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A few useful tips to know

Discussion in '++ Q & A THREADS OF INTEREST ++' started by george wilson, Jan 25, 2013.

  1. Tony Wells

    Tony Wells United States Vice President Staff Member Administrator

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    On the subject of hard soldering brasses, I remember learning the hard way (on an inconsequential piece) that yes indeed if you overheat the pieces, you will not be able to separate them. I have a cousin and now deceased uncle who ran a radiator repair business for 40+ years, and my brother and I would go on weekends and play around tearing down old radiators, and just for practice repair a few basket cases. The Tank/header is where I learned. Teh idea is to hold a blowgun in one hand and heat the solder along a few inches of the joint, then blow it out. A few cycles of this, and the tank would be easy to separate from the header. Incidentally, this is the first step in the old Rod and Repair you could get done in a shop. Well, after getting it too hot, not realizing it, I had essentially welded the tank to the header. So it can be done with Oxy/Fuel heat.

    As an aside to modern materials, the "solder" used by many HVAC guys is no longer fluxed. It has become more like welding. The melting point is closer to copper, and when you get the temp right, it flows like water, and wicks up into the joint about as good as any 50/50 I have used. And it is very dificult, if not impossible to sweat apart. Most don't even try. I don't. I helped a friend do a swap out on a 5 ton unit (got the old one for the shop) and I did all the connections. He calls it "welding", and I believe that may be more accurate than "hard soldering" or "brazing" like it used to be called. I did my A/C here years ago, but used Ultra-flux and real silver solder. Love that stuff. But the cost is up there pretty good now. I have some sil-phos rod I will be using on the 5 ton when I install it in a few weeks. I'm not sure it is self fluxing. I have always used flux with it, but I may get some of what my friend uses. I do like the way it performs.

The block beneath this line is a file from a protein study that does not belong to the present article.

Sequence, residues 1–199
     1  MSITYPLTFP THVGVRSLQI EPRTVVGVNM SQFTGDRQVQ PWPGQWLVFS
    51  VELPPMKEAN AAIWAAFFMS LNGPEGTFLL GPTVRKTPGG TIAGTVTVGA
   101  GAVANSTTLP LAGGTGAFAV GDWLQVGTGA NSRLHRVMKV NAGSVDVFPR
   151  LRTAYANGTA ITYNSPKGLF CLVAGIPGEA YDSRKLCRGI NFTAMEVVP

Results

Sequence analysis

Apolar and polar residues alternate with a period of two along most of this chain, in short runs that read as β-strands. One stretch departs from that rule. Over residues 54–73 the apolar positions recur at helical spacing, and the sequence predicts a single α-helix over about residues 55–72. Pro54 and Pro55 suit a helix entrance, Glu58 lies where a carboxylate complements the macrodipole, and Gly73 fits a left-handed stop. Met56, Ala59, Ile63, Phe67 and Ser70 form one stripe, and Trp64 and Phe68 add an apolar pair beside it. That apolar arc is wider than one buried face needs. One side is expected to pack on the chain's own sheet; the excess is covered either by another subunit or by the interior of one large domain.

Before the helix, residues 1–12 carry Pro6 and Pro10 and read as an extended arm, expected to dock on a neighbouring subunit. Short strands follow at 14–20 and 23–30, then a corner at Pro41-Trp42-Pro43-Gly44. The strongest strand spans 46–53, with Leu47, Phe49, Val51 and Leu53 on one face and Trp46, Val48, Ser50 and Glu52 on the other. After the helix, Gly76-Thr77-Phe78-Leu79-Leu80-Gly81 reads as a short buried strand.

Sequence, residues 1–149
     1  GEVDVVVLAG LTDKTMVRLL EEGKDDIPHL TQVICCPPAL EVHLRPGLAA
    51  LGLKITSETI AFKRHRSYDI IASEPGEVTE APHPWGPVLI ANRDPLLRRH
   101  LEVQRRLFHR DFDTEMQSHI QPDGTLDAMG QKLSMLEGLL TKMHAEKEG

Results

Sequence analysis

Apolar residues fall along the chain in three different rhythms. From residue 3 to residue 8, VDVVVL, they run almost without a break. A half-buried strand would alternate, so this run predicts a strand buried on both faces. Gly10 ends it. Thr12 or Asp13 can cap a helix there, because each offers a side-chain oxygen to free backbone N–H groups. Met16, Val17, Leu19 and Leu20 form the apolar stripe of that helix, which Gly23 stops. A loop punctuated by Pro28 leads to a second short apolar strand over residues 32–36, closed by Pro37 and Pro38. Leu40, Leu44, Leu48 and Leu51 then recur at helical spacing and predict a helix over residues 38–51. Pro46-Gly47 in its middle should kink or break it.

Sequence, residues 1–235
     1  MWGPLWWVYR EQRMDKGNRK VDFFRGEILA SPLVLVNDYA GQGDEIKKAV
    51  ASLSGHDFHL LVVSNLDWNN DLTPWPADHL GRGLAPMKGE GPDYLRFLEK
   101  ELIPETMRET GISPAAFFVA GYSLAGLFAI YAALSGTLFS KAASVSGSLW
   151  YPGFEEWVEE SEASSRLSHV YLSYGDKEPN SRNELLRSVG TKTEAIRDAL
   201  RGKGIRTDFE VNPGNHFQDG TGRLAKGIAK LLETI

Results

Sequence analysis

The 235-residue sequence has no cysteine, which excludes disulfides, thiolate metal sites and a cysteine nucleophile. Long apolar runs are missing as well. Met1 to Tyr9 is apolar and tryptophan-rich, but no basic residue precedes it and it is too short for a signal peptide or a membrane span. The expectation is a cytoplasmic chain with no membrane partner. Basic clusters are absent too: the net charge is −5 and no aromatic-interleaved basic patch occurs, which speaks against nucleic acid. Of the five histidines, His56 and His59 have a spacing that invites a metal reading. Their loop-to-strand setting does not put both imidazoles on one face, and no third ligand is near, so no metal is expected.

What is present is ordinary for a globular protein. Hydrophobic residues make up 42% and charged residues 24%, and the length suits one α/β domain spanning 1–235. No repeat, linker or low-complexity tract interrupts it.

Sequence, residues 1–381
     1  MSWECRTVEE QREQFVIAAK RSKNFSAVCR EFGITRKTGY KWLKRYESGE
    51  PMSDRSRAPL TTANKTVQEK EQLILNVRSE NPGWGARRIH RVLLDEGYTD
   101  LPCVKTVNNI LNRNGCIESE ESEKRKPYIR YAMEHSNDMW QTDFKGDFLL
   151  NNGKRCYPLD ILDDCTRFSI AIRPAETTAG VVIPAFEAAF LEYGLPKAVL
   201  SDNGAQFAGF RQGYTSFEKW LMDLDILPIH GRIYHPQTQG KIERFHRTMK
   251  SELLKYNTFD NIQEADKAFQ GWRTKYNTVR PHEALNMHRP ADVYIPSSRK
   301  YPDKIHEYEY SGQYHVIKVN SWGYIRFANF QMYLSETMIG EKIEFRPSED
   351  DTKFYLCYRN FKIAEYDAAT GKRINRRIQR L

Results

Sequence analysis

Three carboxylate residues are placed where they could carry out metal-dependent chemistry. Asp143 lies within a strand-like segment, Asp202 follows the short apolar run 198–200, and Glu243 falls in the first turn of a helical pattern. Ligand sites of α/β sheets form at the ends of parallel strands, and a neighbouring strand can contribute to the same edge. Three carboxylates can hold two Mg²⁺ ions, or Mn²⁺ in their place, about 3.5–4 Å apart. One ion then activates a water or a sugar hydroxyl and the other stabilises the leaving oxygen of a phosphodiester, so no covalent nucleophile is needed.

Sorry for the topic drift.
     
  2. george wilson

    george wilson United States Global Moderator Staff Member H-M Supporter-Premium

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    What I did was overheat regular lead solder with a MAPP gas torch,and it welded the brass.
     
  3. ariscats

    ariscats Greece Active User Active Member

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    If you use a sander,belt or disk,here is a good way to make it cut better.
    You turn it on and apply to the surface a standard kitchen variety sponge.
    Use very light pressure,just touch it at start, but hold the sponge firmly
    in your hand because it tents to fly over.
    Sponge tip DSC00118ed 1.JPG

    Here see two pictures of a belt. Half is after some sanding various materials among them
    steel,wood, aluminum, and hard plastic.
    Sponge tip DSC00118ed.JPG
    This picture shows the Belt.Upper picture is a detail,lower is a wider view.
    The upper half of the belt is "Before" and the lower Is "Aft".
    To be sure,it does not restore full cutting capacity,but is a real
    improvement.

    I believe this is a correct position to post but you can move it if there is a better place.
    Hoping to be of some help.
    Ariscats

    Sponge tip DSC00118ed 1.JPG Sponge tip DSC00118ed.JPG
     
  4. ariscats

    ariscats Greece Active User Active Member

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    Addendum. Use a DRY sponge for this tip.
    I have tried vacuum cleaning but this is way better
    more effective and easier.
    Ariscats
     
  5. george wilson

    george wilson United States Global Moderator Staff Member H-M Supporter-Premium

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    If you really want to get by cheap,use your old sneakers' soles to clean your belts. They work fine. Those rubber blocks they sell for cleaning belts are not real inexpensive.
     
  6. Swarfmaster

    Swarfmaster United States Active Member Active Member

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    Take the Key out of the chuck!
    It will respond more to an intelligent solution rather than to brute force.
     

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